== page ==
[Fox News made a big call on election night, buoying Biden and angering Trump.]

By midnight on the East Coast, anchors were telling viewers that it was now their turn to cool their heels: A clear outcome, they warned, could take days.

“If it were a tennis match, each side is holding serve,” the Fox News anchor Chris Wallace said. “I think the story of the night has really not been told yet.”

And on CNN, the map maestro John King likened the pending results in Pennsylvania — which was emerging as a tipping point — to a ballgame in the “second or third inning at best.”

With a vote count complicated by the coronavirus pandemic and enormous pressure bearing down on TV executives to dodge an egg-on-the-face moment, the major news networks had promised to be cautious.

They weren’t kidding.

No major projections in battleground states came during prime-time hours. The dam burst shortly after 11 when the Fox News decision desk called Florida, Texas and Ohio for President Trump and — in a projection that caught other news outlets off guard — Arizona for Joseph R. Biden Jr.

Unlike ABC, CBS, CNN and NBC, which share information on vote counts as members of the National Election Pool, Fox News relies on a proprietary data model that draws from The Associated Press to make its determinations on election nights. (Other networks continued to describe those battleground states as too close to call after the projections by Fox News.)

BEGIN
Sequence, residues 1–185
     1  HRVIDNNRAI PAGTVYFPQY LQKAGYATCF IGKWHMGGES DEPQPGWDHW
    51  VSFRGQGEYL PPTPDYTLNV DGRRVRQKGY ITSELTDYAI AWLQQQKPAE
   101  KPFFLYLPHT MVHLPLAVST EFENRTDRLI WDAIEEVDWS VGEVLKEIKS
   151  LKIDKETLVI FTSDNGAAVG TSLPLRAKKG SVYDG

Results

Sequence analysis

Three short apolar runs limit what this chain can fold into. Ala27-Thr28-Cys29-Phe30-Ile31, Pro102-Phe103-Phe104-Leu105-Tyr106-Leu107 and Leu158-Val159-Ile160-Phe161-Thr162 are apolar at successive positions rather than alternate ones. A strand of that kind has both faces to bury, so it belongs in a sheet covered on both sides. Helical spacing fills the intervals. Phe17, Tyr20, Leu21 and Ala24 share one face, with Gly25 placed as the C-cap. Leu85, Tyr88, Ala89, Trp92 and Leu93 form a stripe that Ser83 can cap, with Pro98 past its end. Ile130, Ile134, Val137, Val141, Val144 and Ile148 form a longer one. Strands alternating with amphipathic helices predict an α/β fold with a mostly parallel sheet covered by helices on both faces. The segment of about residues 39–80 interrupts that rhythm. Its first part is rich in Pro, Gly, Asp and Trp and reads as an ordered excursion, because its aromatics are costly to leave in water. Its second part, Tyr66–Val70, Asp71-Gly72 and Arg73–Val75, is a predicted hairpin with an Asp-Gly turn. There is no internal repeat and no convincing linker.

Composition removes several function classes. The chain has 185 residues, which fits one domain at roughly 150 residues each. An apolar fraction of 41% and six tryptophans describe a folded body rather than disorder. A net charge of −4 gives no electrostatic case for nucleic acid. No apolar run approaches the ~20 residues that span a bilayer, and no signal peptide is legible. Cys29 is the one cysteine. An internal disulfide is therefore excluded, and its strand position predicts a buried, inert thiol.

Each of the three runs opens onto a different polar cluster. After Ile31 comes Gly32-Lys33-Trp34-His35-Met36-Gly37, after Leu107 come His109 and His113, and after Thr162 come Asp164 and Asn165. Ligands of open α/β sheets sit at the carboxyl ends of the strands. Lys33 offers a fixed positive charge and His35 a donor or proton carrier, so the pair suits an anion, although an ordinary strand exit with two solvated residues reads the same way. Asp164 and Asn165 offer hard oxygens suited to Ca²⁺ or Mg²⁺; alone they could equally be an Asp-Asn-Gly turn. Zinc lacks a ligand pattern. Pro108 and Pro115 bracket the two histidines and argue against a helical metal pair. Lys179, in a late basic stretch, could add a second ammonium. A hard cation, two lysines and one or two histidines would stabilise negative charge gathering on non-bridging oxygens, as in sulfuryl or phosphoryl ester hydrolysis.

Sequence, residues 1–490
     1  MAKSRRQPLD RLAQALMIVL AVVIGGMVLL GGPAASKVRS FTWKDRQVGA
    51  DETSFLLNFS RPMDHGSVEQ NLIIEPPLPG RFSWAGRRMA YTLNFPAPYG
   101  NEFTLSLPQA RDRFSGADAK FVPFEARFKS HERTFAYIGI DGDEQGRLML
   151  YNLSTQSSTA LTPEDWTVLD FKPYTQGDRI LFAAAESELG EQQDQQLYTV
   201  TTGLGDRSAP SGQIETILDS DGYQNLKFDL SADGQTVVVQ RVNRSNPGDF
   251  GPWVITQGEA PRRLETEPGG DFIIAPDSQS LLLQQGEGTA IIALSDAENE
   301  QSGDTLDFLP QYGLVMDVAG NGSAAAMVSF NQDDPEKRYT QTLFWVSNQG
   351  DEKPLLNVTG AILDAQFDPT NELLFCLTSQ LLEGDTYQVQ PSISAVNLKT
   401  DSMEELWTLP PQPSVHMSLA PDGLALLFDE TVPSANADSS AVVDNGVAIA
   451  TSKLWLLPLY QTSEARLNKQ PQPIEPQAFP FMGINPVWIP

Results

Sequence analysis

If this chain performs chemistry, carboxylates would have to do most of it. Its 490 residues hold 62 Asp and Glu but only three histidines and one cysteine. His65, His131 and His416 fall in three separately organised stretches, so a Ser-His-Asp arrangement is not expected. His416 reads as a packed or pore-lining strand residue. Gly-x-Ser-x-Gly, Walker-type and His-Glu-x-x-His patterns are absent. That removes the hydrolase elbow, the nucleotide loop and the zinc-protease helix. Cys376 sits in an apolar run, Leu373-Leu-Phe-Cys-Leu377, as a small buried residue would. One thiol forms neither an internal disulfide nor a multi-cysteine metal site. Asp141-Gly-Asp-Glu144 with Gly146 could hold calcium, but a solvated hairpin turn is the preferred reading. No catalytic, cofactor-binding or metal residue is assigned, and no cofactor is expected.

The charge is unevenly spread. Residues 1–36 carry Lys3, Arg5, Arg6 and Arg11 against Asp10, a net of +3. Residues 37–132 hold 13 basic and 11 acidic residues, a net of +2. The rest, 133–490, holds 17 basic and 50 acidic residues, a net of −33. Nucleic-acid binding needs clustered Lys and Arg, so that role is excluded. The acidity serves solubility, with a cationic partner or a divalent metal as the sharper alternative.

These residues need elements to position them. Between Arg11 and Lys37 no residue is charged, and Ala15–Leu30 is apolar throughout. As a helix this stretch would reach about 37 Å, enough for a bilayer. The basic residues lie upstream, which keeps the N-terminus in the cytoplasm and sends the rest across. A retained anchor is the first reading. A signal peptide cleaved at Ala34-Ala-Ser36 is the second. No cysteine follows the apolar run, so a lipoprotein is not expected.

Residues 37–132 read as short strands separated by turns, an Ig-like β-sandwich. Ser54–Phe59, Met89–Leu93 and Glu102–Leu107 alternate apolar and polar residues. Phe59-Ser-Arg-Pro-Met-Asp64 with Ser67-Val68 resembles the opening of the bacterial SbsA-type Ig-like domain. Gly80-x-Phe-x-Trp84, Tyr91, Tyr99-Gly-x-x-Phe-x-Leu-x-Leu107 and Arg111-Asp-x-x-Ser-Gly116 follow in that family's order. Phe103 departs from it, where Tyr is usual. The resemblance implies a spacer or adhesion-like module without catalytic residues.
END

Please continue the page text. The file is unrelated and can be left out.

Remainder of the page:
One clear assessment of what was shaping up to be an inconclusive evening came shortly before 11:30, courtesy of ABC’s lead anchor, George Stephanopoulos.

“It is looking increasingly clear that we are not going to know who the next president of the United States will be tonight,” Mr. Stephanopoulos said. “And we are just going to have to be patient as we go through this process in the coming hours, and perhaps in the coming days.”

Prudence in election coverage is preferable to jumping the gun. Still, as the night wore on, anchors seemed ready for answers. Fox News brought on its politics editor, Chris Stirewalt, several times to explain the reluctance of the network’s data team to project battleground winners. It turned into a good-natured grilling session.

On MSNBC, a destination for ardent critics of the president, the anchor Nicolle Wallace argued that her colleagues’ focus on North Carolina was wrong, just as the state appeared to be tilting toward Mr. Trump. “We shouldn’t pull our viewers into dramas that aren’t necessary,” Ms. Wallace said, calling the state a “sideshow.”

When Mr. Biden fell behind in Florida, Ms. Wallace said: “You can feel the hopes and the dreams of our viewers falling down, and you can hear liquor cabinets opening all across this great land.”

CNN’s coverage was dominated by updates from Mr. King, who zoomed in and out of counties in Florida, Georgia, and Ohio. The conclusions were murky. “Is it significant?” Mr. King asked, peering over results in Pasco County in Florida. “We don’t know.”

Four years on, TV networks still have scars from the 2016 race, when Mr. Trump’s victory shocked many journalists. His norm-busting presidency and its political fallout became the central focus of cable news, which watched audiences swell.